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Weight and Obesity

Obesity Gene Gives Fat Tissue Cancer

20 years, 8 months ago

8845  0
Posted on Nov 10, 2003, 11 p.m. By Bill Freeman

A gene dubbed HMG I-C causes tumors called lipomas, a common tumor in fat tissue in humans. Santa J. Ono, Ph.D., Associate Scientist at The Schepens Eye Research Institute and Associate Professor at Harvard Medical School suggests that strong evidence points to targeting this molecule for the treatment of obesity in humans and the treatment of lipomas.

A gene dubbed HMG I-C causes tumors called lipomas, a common tumor in fat tissue in humans. Santa J. Ono, Ph.D., Associate Scientist at The Schepens Eye Research Institute and Associate Professor at Harvard Medical School suggests that strong evidence points to targeting this molecule for the treatment of obesity in humans and the treatment of lipomas. It is likely that therapeutic agents which block the expression of the HMG I-C would be effective in the treatment of these two major clinical problems In proving a direct role for the HMG I-C gene in lipoma formation by creating transgenic mouse lines that overexpress the defective HMG I-C gene in all cells of the body, the researchers also found that no tumors formed in other tissues of the body, just in fat tissue. The team categorizes the HMG I-C gene as a new type of oncogene, a structural chromosomal protein contributing to tumor formation.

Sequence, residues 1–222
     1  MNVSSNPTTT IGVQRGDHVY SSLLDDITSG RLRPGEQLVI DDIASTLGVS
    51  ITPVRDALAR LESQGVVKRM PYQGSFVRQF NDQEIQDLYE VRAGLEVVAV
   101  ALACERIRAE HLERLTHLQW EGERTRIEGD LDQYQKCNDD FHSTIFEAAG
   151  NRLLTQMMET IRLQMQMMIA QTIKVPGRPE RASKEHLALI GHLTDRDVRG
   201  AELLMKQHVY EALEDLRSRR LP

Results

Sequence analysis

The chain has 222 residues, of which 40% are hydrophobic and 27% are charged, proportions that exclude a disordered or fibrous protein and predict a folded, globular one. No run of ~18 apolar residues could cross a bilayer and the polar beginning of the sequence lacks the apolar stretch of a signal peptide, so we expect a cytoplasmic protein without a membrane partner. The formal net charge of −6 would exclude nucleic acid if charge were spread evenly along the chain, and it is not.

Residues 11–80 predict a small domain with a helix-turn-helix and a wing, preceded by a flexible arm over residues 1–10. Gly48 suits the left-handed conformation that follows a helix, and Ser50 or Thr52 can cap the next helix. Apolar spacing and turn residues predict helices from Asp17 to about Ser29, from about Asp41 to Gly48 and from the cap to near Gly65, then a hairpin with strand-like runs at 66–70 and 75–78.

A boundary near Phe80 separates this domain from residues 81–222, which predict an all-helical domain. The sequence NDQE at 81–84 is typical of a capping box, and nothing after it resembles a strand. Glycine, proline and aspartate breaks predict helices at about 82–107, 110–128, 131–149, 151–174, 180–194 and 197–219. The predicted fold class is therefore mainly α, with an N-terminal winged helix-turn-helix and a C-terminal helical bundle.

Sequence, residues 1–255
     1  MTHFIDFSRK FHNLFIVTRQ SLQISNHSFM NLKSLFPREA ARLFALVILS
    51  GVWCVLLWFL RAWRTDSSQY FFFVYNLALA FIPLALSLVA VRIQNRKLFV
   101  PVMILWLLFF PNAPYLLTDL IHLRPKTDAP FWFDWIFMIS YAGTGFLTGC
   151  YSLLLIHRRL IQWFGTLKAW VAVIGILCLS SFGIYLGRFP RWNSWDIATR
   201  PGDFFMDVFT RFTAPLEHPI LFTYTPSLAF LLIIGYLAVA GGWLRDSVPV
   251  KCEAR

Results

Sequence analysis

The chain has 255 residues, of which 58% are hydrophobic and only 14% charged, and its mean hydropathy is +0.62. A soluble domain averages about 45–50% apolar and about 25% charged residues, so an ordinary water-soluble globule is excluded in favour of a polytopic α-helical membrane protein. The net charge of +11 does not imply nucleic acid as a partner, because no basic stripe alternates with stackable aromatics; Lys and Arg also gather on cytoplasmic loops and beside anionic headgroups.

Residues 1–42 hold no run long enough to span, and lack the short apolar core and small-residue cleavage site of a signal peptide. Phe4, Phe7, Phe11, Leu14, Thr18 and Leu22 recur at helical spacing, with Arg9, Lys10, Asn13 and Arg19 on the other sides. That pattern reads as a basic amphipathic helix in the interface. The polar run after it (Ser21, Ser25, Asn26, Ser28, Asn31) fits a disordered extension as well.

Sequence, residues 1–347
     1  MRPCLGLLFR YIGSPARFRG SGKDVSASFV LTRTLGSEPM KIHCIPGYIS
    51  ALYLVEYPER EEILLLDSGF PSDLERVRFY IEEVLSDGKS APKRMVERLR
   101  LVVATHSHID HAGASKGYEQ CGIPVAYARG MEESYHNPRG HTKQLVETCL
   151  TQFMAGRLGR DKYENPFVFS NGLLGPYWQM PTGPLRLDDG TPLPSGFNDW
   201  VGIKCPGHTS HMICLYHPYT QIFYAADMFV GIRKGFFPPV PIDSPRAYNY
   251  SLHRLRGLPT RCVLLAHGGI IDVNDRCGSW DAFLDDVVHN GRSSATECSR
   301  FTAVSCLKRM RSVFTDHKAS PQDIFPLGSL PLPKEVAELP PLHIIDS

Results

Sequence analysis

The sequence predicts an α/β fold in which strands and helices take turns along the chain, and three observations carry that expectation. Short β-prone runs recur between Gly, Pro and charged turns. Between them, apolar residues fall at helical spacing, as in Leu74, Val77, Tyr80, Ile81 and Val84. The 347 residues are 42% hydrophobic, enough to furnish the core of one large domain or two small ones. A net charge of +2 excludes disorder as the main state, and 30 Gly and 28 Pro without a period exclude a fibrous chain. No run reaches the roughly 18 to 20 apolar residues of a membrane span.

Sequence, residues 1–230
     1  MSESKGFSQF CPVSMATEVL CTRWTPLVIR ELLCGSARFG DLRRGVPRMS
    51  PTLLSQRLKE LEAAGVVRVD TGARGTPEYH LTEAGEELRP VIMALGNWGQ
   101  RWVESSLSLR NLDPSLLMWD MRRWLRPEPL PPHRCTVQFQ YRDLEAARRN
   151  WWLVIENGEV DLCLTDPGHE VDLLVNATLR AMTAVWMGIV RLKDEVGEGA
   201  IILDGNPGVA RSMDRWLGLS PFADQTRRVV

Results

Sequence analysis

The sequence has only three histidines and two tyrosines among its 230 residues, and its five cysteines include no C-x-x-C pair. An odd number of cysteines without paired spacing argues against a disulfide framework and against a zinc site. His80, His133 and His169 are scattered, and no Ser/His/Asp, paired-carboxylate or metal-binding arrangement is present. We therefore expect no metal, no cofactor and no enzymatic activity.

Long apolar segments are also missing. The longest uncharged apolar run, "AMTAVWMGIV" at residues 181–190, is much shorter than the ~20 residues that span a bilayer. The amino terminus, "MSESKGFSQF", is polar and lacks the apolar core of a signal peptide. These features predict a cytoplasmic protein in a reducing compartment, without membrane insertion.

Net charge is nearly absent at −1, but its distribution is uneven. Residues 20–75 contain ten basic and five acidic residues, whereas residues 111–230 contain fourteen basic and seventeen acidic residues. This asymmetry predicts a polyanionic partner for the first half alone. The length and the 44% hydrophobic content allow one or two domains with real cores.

SOURCE/REFERENCE: J Biological Chemistry, May 12, 2000

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